Our time in Split was short and sweet. Its a cool place deserving of more time than we granted it, but unfortunately for the formidable marble palace, great green hill overlooking the sea and the sky, and the artificial sandy beaches, Split was a jumping off point for Hvar. We'd been on the mainland for too long, taken too many buses recently, and the island was calling. If islands epitomize escapism, then Hvar is escapism at its finest. People go to their to maximize life, overloading themselves on happiness, fun, pleasure in a stunning natural environment graced by marble clad historical towns.

Hvar is known for its nightlife, and while that's a iffy reason at best to travel somewhere, it didn't disappoint. The secret to the island is to strike the perfect balance, party at night, but take advantage of the natural beauty in the daytime when the sun allows you too.

We came in the late afternoon off the ferry and headed straight to the beach. Crystal clear water is an under exaggeration. I'd say the water surrounding Hvar is diamond-clear. Warm enough to float in for hours. Its summer, so everyone is relaxed and at ease, which could be a factor in the so called brilliant night life. There's no kids pushing to take as many shots as they can in an hour because if you're staying up all night, why do all your drinking at once?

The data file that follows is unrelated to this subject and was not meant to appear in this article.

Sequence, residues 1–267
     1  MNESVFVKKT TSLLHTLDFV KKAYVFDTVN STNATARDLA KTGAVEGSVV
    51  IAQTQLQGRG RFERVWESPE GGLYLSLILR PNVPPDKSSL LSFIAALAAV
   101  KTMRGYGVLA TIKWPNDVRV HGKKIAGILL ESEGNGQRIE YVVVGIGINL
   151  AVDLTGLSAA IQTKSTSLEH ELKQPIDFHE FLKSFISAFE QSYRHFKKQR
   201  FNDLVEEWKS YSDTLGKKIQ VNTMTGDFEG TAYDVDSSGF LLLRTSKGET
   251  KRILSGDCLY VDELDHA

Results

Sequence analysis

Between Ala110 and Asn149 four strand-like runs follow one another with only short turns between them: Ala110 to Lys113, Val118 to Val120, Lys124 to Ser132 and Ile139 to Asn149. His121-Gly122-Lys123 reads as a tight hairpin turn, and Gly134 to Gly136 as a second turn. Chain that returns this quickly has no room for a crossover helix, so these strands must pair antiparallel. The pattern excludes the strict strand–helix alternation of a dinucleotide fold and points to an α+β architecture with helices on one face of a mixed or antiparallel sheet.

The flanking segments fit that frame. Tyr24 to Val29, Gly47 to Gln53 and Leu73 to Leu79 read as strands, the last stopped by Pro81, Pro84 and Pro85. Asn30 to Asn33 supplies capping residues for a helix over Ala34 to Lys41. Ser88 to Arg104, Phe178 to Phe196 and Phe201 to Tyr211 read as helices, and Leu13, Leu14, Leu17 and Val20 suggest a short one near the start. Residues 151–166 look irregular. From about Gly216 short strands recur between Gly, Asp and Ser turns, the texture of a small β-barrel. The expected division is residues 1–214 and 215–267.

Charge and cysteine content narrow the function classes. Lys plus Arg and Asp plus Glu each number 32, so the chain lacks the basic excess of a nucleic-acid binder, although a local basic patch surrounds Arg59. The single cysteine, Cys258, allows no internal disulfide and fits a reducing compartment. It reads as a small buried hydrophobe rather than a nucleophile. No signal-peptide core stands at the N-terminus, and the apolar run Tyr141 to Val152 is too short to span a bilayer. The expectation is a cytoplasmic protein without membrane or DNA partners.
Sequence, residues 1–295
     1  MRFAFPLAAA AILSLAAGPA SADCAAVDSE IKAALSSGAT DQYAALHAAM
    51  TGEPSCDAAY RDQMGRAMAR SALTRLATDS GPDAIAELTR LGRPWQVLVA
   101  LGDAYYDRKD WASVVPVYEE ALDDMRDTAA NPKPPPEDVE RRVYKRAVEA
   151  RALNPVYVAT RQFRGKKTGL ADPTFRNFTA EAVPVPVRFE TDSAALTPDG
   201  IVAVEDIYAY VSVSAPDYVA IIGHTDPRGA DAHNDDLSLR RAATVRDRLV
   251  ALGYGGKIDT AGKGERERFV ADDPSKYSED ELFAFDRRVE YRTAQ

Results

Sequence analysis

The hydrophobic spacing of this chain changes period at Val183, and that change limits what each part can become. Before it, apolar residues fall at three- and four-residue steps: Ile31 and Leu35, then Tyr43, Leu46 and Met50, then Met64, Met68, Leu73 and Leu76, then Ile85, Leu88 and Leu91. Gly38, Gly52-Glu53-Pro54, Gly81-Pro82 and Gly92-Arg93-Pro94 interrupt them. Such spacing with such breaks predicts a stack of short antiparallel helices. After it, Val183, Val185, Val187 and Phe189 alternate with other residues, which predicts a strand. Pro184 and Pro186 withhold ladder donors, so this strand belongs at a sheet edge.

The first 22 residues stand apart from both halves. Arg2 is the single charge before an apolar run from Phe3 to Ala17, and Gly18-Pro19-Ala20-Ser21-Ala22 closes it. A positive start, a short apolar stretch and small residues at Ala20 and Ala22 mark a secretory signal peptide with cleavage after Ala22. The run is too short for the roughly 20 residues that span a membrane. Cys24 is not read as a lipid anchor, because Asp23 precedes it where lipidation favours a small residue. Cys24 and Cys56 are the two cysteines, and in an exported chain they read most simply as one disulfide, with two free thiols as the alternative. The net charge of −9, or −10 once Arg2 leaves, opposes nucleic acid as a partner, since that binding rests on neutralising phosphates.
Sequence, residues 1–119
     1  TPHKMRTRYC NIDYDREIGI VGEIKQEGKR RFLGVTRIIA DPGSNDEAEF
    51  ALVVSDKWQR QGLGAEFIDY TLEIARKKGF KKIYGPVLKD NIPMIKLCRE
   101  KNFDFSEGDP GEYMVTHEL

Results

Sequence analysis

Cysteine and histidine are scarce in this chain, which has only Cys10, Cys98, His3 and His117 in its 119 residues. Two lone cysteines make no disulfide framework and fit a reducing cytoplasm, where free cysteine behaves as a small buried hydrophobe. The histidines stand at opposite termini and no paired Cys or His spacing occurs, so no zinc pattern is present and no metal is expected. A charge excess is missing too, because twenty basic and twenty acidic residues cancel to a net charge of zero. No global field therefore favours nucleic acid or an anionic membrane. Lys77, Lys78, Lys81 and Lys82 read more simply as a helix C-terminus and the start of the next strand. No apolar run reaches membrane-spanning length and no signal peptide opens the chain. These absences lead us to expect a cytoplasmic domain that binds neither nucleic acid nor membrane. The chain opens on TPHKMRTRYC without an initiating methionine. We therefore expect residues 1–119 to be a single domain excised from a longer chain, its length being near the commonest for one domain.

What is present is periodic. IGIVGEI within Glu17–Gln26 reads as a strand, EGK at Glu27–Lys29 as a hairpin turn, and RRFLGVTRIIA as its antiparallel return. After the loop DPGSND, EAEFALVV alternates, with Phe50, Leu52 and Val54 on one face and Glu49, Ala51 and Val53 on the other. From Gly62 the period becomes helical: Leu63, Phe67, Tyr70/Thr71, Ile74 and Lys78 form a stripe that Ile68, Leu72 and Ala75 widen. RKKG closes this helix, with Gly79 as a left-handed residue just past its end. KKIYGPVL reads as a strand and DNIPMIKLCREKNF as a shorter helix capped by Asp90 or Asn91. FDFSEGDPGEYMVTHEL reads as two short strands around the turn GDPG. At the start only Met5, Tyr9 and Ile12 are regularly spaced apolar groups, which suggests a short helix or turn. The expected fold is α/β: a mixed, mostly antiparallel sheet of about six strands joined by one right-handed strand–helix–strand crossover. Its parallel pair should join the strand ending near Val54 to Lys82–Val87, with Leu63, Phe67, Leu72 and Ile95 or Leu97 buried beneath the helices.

The hostel had a large patio, and if there is anything that makes strangers into friends, it is drinking outside while the sun goes down in a beautiful array of purples and oranges yet the temperature doesn't drop below perfectly pleasant. Its a great world where travelers are open and friendly to everyone. Even if we part ways and never talk again, we can be the best of friends tonight.

The scene is absurd. All the bars are in the old town, built into small spaces right now to churches and palaces, old marble everywhere, the port full of yachts just down to the left. Most people are at three or so bars, which are so packed that the sidewalks and the sidewalks a block down are packed. The English speaking crew rules here, with an absurd amount of Australians and English, and friendliness is high. Its clear that you go to Hvar for fun and not for meaningful encounters, at least not at night.